2241RE: Secession of Commagene - 163/2 or 150 BC?
- Nov 23, 2013
Looking through the archive on this group, I realised that this post about the independence of Commagene resulted in an article in the Journal of the Oriental Numismatic Society, issue 215 this spring. It was called
Numismatic evidence for dating the independence of Commagene to 150 BC?
This dating is based on a reinterpretation of the numismatic evidence: The first Demetrius imitations were struck at the same time as Alexander Balas invaded the neighbouring province of Cilicia, and so were probably issued in support of Demetrius I in a makeshift mint. After Demetrius died, the coins were still struck in 149/8 BC, which suggests that Ptolemy of Commagene was a supporter of Demetrius, but did not recognise Balas. The original study of these Demetrius imitations was Oliver Hoover's
'Notes on Some Imitation Drachms of Demetrius I Soter from Commagene', American Journal of Numismatics 1998, pp.71-94
---In email@example.com, <jens.jakobsson@...> wrote:Dear group,
another observation based on Seleucid Coins II, which I am studying
thoroughly. The book is a cornucopia for further Seleucid studies,
especially as the text seldom strays from its subject, the coins. If
there is another conference on Seleucid history, I'd like to suggest
that its theme would be new political etc. advances based on the
findings in SC.
The secession of Commagene is treated on p.207 in SC II:vol 1, based on
one of Oliver D. Hoover's articles. An 'unofficial' Commagenean mint
started issuing drachms of Demetrius I, with dies imitating those from
Antioch and monograms based on, but sligthly different from, that mint.
These coins are attributed to Ptolemy, the first governor of Commagene.
Ptolemy is known from an fragment by Diodorus Siculus, 31.19a.
"Ptolemaeus, the governor of Commagenê, who even before had shown
little respect for the Syrian kings, now asserted his independence, and
because they were busy with their own affairs, established himself
without interference in control of the country, being chiefly emboldened
by its natural advantages for defence."
This fragment appears before an account (31.19) of the Cappadocian
dynasty; I suppose the Syrian kings who were busy with their own affairs
would be either Antiochus V & Demetrius I or Demetrius I and Alexander
Ptolemy is also known from the Nemrud Dag inscription of the ancestors
of Antiochus I of Commagene; he is listed on the left pedestal among the
Persians-Armenians rather than the right with Greeks-Macedonians. Nemrud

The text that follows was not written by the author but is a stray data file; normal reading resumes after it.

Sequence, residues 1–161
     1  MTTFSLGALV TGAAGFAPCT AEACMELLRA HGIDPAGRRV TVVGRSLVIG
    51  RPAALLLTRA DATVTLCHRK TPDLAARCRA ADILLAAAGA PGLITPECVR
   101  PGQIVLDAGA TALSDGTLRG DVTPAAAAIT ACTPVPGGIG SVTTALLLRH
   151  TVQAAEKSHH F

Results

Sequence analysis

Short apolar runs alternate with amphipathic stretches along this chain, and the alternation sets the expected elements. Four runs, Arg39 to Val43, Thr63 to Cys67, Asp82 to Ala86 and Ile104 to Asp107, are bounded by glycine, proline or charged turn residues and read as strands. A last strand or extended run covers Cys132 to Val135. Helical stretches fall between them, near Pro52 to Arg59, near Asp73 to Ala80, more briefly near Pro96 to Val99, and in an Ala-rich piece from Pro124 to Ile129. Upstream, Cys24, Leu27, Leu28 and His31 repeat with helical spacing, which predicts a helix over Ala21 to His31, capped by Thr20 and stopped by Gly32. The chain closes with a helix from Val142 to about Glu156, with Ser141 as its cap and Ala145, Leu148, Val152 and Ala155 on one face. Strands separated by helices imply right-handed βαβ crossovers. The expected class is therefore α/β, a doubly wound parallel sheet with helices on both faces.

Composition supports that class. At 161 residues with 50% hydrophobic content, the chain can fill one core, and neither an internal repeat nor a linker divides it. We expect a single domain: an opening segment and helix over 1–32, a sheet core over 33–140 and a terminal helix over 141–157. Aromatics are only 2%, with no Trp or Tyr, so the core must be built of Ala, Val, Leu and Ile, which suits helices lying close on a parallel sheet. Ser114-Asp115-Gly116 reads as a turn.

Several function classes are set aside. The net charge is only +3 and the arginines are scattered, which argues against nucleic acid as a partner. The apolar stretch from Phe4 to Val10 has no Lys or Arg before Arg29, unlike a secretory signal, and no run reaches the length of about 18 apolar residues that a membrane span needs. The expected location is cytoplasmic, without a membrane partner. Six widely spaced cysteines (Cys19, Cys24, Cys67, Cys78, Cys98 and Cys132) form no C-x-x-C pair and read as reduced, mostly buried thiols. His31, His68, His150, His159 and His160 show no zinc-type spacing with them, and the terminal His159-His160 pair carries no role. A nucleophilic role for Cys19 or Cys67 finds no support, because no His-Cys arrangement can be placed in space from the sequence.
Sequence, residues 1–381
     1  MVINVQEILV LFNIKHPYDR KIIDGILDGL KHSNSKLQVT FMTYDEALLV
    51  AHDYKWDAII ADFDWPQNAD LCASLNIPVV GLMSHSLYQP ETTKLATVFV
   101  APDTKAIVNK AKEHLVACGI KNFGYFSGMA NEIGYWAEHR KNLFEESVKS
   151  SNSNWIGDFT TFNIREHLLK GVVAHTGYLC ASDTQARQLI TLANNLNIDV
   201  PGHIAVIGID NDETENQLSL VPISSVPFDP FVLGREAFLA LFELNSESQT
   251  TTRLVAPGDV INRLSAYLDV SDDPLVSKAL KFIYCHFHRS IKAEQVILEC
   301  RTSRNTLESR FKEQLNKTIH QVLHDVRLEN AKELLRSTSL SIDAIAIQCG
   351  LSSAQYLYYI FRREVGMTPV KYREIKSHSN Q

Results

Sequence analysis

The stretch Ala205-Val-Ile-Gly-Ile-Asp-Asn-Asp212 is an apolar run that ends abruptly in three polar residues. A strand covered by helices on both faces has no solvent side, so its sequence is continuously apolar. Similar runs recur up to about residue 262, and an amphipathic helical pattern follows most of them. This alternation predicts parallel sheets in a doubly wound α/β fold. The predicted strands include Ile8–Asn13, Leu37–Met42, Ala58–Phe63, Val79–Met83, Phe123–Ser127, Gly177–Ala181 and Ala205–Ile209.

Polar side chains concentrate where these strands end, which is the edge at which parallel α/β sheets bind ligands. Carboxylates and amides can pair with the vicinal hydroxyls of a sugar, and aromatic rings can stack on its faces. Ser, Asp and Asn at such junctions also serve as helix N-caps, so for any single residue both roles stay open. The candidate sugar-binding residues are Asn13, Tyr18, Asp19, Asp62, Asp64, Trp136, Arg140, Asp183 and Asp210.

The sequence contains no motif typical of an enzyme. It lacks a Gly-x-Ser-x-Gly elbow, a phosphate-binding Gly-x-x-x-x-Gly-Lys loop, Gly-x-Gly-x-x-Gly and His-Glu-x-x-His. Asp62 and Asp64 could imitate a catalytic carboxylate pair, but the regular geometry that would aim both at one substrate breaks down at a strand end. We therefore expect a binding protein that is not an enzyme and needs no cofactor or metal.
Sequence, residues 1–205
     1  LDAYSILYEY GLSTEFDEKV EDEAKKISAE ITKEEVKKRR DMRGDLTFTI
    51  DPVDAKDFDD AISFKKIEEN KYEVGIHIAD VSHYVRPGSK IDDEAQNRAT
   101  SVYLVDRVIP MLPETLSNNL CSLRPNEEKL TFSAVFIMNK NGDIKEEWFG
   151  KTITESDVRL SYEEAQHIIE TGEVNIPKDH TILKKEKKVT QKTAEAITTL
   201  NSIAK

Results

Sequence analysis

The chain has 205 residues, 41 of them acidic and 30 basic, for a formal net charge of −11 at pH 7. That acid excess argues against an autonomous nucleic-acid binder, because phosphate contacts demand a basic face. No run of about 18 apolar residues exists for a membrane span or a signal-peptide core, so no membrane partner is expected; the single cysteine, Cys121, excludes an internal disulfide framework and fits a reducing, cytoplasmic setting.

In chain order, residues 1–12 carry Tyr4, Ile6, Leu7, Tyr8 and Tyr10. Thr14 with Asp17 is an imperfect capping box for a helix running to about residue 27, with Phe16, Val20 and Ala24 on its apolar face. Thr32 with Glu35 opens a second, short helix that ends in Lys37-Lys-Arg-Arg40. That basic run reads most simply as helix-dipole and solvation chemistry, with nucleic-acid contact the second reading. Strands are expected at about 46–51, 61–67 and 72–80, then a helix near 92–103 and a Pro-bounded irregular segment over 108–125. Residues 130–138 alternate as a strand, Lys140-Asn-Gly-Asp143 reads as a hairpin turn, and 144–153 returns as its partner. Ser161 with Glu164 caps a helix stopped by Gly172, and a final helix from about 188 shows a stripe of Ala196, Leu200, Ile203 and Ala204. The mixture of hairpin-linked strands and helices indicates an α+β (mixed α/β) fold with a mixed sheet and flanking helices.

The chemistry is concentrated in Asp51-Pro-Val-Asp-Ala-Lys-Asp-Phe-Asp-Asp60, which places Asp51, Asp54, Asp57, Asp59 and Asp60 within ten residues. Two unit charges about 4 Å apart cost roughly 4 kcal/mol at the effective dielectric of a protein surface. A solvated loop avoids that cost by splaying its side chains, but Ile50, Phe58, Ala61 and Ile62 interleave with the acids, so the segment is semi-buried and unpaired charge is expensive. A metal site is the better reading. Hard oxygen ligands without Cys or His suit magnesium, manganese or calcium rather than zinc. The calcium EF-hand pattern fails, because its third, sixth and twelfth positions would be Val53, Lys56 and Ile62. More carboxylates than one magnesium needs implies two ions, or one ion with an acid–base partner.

Dag ancestor inscription <http://www.nemrud.nl/en/tr_tekst5.php> But
possibly this is because the right pedestal is in fact devoted to the
Seleucid dynasty (and Alexander the Great).
SC II takes the view that Ptolemy broke away from the Seleucid Empire in
163/2 BCE, i.e. the first of the two periods mentioned above. To some
extent I can agree with this; the coins are imitations rather than
issues of an official Seleucid administration. But my view is that if
Ptolemy imitated the coins of Demetrius I, while the latter was king, he
had not seceded completely. I see these coins as semi-official, so that
Ptolemy and Demetrius I had some sort of agreement. Apparently, if
Ptolemy had made himself independent, he would have been concerned with
an attack from Demetrius. The loyalty of Ptolemy's troops during such an
attack would hardly have improved if they were paid with coins naming
Demetrius as their legitimate king. (A similar reason is one of many
arguments why Diodotus I of Bactria did not issue his first coins in the
name of the Seleucid king Antiochus II. See my article "Antiochus
Nicator, a third Bactrian king?", NC 2010. Though in Diodotus' case,
numismatic evidence supports the view that the 'Antiochus coins' are
The first Commagenean imitations, in good style, use Demetrius' regnal
years: one example is given for SE (160 - 153/2 BC). But when Balas came
to power in 150 BC, the Commagenean mint continued for some years to
strike Demetrius coins, for instance in SE 164 (149/8 BC). So Ptolemy
did not support Balas. In my view, he could have declared himself
completely independent because the Seleucid dynasty had expired, the
full independence of Commagene then beginning in 150 BC.
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